Use the Delete Google Account link. That's all it takes to walk away entirely and lose all those files, emails, videos, etc. This is the only way to get rid of some accounts within Google. For example, there's no way to completely delete a Blogger account only individual blogs under it without this nuclear option.
YouTube can be deleted separately. What you get here is the option to delete your YouTube channel—it won't kill the required Google account.
But it will obliterate all the videos on the channel, including videos you may have purchased! You'll be given an option to do that, or just hide the channel instead.
Hiding has granular options like deleting comments you've made. That's a tool more people should take advantage of. You might have a profile to get rid of.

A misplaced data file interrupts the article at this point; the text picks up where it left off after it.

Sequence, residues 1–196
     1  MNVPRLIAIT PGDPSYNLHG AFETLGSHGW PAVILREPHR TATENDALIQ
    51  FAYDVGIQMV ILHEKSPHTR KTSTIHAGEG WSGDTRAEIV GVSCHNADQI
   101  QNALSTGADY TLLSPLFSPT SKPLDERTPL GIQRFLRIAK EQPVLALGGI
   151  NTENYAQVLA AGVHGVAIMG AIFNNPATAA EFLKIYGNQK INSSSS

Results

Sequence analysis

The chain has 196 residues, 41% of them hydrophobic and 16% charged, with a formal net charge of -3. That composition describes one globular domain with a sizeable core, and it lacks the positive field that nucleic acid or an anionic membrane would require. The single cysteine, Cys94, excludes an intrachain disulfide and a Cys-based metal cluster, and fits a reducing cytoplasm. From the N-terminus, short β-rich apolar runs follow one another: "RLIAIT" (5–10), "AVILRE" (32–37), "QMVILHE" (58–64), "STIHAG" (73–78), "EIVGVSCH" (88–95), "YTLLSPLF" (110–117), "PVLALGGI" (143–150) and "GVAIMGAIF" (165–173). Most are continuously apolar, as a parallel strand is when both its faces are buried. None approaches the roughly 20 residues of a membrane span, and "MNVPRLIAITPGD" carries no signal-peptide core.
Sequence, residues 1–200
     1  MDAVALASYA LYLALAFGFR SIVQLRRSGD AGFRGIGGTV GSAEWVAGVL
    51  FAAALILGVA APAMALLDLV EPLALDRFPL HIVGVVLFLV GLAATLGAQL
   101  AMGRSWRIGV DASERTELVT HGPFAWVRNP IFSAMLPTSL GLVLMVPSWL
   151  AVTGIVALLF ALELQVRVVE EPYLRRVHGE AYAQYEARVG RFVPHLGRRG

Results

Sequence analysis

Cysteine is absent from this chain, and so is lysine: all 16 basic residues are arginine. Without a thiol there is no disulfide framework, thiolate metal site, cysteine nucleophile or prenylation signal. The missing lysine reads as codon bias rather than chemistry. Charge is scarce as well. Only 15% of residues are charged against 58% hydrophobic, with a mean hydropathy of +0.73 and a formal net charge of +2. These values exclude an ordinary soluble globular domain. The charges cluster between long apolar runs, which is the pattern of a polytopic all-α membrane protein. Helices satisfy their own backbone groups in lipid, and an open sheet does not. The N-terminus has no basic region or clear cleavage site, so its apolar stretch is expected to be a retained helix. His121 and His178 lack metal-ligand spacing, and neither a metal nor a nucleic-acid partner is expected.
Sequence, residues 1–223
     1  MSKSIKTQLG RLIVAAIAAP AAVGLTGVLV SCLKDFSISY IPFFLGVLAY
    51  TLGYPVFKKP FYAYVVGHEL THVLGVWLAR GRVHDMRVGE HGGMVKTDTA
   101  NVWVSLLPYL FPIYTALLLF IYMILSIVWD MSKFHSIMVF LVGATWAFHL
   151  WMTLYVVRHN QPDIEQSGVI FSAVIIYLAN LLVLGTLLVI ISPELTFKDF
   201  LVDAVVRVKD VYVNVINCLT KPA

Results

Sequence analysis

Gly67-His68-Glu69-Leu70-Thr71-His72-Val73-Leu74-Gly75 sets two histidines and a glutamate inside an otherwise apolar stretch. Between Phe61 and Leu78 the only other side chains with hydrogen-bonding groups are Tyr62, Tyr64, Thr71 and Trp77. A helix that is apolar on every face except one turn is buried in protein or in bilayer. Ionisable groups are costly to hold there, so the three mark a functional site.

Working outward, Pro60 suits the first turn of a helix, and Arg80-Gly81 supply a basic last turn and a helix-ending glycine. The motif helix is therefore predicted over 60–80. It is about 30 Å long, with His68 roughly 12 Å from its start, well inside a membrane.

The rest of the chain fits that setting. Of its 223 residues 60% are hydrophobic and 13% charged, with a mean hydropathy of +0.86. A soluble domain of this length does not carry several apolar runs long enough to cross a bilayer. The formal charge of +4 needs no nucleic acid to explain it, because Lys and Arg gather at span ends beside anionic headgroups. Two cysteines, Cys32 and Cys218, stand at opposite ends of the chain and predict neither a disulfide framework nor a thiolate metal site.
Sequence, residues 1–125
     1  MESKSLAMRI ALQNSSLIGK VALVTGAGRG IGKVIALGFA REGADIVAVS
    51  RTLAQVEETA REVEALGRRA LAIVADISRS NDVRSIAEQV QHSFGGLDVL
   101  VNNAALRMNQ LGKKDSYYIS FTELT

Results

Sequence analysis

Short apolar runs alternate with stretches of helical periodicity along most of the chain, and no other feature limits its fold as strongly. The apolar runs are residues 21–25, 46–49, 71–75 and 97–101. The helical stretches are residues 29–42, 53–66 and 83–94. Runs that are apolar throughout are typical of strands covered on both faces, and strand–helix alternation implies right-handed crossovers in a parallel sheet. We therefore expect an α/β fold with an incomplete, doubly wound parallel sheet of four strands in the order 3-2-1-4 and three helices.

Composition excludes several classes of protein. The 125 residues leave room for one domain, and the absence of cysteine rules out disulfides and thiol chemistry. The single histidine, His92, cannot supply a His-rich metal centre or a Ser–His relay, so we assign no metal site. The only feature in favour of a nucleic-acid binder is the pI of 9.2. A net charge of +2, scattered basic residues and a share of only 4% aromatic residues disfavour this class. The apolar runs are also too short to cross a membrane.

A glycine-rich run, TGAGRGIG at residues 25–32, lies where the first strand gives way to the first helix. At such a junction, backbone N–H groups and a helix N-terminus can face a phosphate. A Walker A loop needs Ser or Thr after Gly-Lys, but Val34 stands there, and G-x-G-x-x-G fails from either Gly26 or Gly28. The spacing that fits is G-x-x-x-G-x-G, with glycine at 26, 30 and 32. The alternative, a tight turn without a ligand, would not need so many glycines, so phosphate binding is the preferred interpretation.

It will not delete a YouTube channel associated with the profile. Naturally, "some data will be kept, and some data will be deleted or converted," according to Google. LinkedIn It could be argued that LinkedIn is the most useful social network around, especially for job networking. That doesn't mean you won't want to cancel.
In fact, LinkedIn specifically suggests that if you have multiple accounts, you should close all but one to consolidate. To close an account, log in via a desktop browser and click the thumbnail pic in the upper right to access Account: It'll take you to this page. Give a reason you're leaving—most sites want to know what they can improve, or did wrong— and then click Continue.
You have 20 days to reinstate your account, if you regret the deletion decision. Certain info, like endorsements and followings, are lost for good. Contact Customer Service and confirm your email address to do so. LinkedIn provides a link to contact them on the bottom of every page or call Sticking with branding is not a strong suit in Redmond.